Market News

Safaricom voice market share drops in first quarter

scom

Safaricom Limited's headquarters. PHOTO | DIANA NGILA | NMG

Safaricom’s market share in the voice market dropped to 67.8 percent in the three months ended March, marking the first time it has declined since September last year.

Data from the Communications Authority of Kenya (CA) shows that Safaricom's share of the voice business dropped from a four-year high of 70 percent recorded in the three months to December.

Airtel Kenya gained in the review period, adding percentage points to 30 percent.

The drop in Safaricom’s share of the voice market came in a period where the overall voice traffic dropped following the expiry of calling offers.

“This (drop in voice traffic) is mainly attributed to the conclusion of various promotions that were running during the previous quarter,” CA says in its latest industry report.

The shares are based on the minutes that subscribers spent on calls. Airtel and Telkom Kenya have over the years struggled to cut Safaricom’s dominance in the voice market despite unveiling offers to make calls cheaper.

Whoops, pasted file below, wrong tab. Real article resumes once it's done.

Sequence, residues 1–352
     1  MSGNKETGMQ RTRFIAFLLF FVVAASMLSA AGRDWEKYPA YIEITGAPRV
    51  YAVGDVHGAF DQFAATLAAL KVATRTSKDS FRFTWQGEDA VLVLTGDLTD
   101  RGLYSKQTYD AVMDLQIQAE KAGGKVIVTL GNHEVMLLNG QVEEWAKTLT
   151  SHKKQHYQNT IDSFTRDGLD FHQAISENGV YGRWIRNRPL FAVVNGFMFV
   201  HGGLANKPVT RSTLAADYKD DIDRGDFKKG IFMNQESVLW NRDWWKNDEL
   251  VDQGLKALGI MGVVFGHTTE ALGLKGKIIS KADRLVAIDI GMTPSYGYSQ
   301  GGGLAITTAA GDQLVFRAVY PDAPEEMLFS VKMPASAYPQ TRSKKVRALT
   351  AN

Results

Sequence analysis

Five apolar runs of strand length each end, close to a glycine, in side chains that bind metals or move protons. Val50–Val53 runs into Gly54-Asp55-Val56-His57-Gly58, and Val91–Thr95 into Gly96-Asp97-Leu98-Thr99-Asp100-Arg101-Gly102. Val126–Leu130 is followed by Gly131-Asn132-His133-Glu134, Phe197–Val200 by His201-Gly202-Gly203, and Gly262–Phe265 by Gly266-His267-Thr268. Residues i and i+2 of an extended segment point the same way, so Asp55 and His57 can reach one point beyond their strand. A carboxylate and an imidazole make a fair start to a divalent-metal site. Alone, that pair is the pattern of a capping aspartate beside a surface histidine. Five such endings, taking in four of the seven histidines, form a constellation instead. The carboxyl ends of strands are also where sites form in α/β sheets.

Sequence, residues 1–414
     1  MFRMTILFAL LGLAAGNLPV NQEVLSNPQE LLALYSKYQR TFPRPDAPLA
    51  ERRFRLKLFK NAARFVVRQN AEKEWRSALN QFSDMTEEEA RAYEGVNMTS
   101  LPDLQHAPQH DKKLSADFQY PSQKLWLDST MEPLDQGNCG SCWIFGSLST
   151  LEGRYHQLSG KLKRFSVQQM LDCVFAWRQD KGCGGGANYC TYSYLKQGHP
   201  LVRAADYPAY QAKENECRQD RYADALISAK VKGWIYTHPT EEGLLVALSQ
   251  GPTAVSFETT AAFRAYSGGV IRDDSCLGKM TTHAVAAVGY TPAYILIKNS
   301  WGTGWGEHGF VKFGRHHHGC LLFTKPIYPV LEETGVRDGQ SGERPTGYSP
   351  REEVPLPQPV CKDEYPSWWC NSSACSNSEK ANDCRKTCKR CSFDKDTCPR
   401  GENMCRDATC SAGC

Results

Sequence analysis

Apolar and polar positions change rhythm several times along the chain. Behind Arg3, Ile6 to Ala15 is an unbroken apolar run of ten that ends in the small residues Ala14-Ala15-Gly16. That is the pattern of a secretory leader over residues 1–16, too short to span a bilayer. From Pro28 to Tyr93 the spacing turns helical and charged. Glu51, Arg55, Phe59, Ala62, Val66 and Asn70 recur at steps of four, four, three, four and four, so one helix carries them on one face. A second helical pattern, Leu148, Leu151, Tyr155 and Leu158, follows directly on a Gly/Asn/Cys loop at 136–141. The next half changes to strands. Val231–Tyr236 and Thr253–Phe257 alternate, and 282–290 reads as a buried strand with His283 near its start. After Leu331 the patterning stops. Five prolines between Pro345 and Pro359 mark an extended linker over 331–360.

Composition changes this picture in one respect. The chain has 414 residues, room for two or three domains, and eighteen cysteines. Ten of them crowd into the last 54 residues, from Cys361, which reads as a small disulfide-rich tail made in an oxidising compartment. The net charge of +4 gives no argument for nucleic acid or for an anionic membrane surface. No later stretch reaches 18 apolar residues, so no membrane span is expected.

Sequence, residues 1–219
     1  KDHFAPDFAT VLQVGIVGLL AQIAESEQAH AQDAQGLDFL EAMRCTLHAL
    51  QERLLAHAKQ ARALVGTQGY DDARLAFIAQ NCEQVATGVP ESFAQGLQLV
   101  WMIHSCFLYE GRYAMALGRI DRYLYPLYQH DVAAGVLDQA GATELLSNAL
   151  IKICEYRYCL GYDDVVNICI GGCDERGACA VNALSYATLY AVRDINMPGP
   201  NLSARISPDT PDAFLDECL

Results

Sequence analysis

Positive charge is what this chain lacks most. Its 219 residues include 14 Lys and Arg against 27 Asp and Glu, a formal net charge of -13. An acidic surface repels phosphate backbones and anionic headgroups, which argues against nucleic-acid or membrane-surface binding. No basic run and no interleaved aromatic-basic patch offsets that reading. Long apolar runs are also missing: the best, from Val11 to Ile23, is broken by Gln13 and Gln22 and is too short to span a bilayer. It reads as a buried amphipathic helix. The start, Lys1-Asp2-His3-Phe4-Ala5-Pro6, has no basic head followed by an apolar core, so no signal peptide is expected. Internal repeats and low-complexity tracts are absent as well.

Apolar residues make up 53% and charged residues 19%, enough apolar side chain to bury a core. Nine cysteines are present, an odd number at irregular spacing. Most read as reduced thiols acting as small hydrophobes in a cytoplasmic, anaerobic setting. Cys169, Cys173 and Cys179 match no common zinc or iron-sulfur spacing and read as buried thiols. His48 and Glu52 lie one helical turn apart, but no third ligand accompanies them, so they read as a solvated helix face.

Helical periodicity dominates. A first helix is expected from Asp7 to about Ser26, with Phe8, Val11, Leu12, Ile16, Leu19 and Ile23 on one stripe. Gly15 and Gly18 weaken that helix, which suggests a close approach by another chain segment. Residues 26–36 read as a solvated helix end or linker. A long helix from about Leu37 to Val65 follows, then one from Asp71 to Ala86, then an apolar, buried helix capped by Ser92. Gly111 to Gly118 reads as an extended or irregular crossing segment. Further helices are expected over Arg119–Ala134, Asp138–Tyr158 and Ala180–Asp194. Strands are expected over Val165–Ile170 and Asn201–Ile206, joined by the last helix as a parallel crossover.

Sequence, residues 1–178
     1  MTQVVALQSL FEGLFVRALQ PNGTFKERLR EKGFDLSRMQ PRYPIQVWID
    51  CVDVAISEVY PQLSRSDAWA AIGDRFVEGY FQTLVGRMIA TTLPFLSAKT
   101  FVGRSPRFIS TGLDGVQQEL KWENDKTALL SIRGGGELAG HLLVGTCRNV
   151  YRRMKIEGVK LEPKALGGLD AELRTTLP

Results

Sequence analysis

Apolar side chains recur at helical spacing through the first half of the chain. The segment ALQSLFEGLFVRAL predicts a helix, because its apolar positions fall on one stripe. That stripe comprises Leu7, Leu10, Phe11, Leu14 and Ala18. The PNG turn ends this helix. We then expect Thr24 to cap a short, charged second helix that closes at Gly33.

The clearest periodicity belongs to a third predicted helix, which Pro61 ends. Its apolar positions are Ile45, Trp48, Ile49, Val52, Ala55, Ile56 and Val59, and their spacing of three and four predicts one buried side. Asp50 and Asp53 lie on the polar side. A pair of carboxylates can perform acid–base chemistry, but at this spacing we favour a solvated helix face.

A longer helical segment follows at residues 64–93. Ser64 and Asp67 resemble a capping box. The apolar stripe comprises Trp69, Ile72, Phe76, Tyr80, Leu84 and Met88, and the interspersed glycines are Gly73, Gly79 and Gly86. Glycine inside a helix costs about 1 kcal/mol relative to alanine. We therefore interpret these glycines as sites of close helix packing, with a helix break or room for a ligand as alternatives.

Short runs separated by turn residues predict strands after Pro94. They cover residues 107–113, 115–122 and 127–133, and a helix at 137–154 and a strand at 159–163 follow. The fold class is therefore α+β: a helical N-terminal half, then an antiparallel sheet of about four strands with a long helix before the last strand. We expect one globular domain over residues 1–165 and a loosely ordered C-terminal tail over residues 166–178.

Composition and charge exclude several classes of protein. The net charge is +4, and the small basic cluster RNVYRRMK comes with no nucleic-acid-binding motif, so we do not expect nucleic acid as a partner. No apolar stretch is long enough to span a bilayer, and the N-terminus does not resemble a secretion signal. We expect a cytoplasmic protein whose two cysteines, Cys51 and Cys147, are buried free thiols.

The drop in Safaricom’s dominance of the voice market came in a period when voice traffic for on-net and off-net calls dropped to 19.18 billion minutes, representing a 6.93 percent fall from 20.6 billion minutes in the three months to December.

Voice traffic on Safaricom’s network fell 10.3 percent to 13 billion minutes but that on Airtel network rose one percent to 5.76 billion minutes. Traffic on Telkom Kenya remained unchanged at 3.85.46 million minutes.

This is the biggest market share that Airtel has attained since the 29.1 percent the telco held in the three months ended September last year.

Airtel has over the year intensified the war against Safaricom for the voice market with offers meant to woo callers and help lift its revenues.

The war for control of the voice market has triggered protests from Airtel Kenya that Safaricom’s calling promotions are lower than the actual costs of the calling.

Voice, initially the core business for telcos, remains important but is not seen as a growth driver amid the maturity of the service and competition from alternative communication channels.

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